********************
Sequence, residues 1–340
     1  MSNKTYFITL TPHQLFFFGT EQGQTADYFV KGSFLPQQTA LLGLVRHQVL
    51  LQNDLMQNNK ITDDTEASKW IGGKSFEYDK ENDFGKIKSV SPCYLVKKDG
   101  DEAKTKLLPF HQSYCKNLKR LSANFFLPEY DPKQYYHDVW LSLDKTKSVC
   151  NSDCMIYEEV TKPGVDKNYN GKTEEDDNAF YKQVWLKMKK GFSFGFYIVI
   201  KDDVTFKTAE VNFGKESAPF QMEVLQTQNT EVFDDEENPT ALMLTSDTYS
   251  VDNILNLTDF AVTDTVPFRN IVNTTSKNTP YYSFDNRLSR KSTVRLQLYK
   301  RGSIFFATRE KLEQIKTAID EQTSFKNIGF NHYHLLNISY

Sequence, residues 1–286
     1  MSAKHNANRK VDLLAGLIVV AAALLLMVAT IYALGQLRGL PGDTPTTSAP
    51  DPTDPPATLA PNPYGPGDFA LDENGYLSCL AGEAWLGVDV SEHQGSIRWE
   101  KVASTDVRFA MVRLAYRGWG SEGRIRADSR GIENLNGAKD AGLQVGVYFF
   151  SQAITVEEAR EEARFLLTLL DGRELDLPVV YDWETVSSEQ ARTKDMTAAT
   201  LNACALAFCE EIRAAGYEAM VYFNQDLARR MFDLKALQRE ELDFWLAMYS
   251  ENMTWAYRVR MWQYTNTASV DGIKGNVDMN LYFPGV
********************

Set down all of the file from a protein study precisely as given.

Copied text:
Sequence, residues 1–340
     1  MSNKTYFITL TPHQLFFFGT EQGQTADYFV KGSFLPQQTA LLGLVRHQVL
    51  LQNDLMQNNK ITDDTEASKW IGGKSFEYDK ENDFGKIKSV SPCYLVKKDG
   101  DEAKTKLLPF HQSYCKNLKR LSANFFLPEY DPKQYYHDVW LSLDKTKSVC
   151  NSDCMIYEEV TKPGVDKNYN GKTEEDDNAF YKQVWLKMKK GFSFGFYIVI
   201  KDDVTFKTAE VNFGKESAPF QMEVLQTQNT EVFDDEENPT ALMLTSDTYS
   251  VDNILNLTDF AVTDTVPFRN IVNTTSKNTP YYSFDNRLSR KSTVRLQLYK
   301  RGSIFFATRE KLEQIKTAID EQTSFKNIGF NHYHLLNISY

Sequence, residues 1–286
     1  MSAKHNANRK VDLLAGLIVV AAALLLMVAT IYALGQLRGL PGDTPTTSAP
    51  DPTDPPATLA PNPYGPGDFA LDENGYLSCL AGEAWLGVDV SEHQGSIRWE
   101  KVASTDVRFA MVRLAYRGWG SEGRIRADSR GIENLNGAKD AGLQVGVYFF
   151  SQAITVEEAR EEARFLLTLL DGRELDLPVV YDWETVSSEQ ARTKDMTAAT
   201  LNACALAFCE EIRAAGYEAM VYFNQDLARR MFDLKALQRE ELDFWLAMYS
   251  ENMTWAYRVR MWQYTNTASV DGIKGNVDMN LYFPGV